The council predetermined the policy before it went out to consultation. I understand that there are rules regarding councillors, who are not allowed to attend meetings if they have a prejudged view—if they have already made up their minds. That is in the code of conduct for councillors. Yet the county council can have a prejudged view to the extent that it can reject the consultation results if it does not like them. It has clearly said that it does not accept keeping the school open because that is contrary to the council's policy. I have that in writing. If that is not prejudging the issue. I do not know what is.

Mr. David Cameron (Witney) (Con)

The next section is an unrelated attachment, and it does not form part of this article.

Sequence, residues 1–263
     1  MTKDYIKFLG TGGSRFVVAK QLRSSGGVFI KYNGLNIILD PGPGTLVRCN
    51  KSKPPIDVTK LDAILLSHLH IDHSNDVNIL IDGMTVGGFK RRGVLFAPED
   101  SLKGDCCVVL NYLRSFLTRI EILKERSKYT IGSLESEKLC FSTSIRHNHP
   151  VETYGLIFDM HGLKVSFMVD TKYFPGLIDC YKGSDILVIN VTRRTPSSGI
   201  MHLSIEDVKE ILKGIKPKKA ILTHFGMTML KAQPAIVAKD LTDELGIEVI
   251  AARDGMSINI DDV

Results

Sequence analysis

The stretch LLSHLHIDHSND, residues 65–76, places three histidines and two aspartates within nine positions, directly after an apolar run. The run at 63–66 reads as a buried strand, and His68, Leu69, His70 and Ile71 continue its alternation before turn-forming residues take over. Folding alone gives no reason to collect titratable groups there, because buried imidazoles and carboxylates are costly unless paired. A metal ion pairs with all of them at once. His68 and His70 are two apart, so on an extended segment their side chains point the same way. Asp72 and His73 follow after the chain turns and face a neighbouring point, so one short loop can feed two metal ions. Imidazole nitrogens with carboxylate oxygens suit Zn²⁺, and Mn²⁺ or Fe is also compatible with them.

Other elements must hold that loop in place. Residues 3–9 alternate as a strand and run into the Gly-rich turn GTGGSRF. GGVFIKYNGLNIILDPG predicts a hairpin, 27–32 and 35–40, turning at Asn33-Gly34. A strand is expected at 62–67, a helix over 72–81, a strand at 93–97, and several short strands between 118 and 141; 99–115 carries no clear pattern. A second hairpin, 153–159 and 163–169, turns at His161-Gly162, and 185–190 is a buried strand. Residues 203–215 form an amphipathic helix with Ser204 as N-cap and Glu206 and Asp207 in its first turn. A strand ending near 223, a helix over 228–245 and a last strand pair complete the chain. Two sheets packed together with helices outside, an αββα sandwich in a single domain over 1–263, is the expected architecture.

Will my hon. Friend take it from me, as the father of a severely disabled son who has just completed his second day at a special school, that for many of those children a special school is the only place outside home where they can obtain the love, care, attention and therapy that they need? Given the compelling story of what is happening in Gloucestershire, which is being repeated right across the country, does he agree that it is time for the Department for Education and Skills properly to investigate what councils are doing with special schools? Ministers keep saying that a closure policy does not exist, but closures seem to be repeated not only in Gloucestershire, but elsewhere.

Mr. Robertson

I am grateful to my hon. Friend for that intervention. I know that he takes a deep interest in these matters. I entirely agree that the Government should examine what is going on up and down the country, because the wrong things are being done in the wrong way.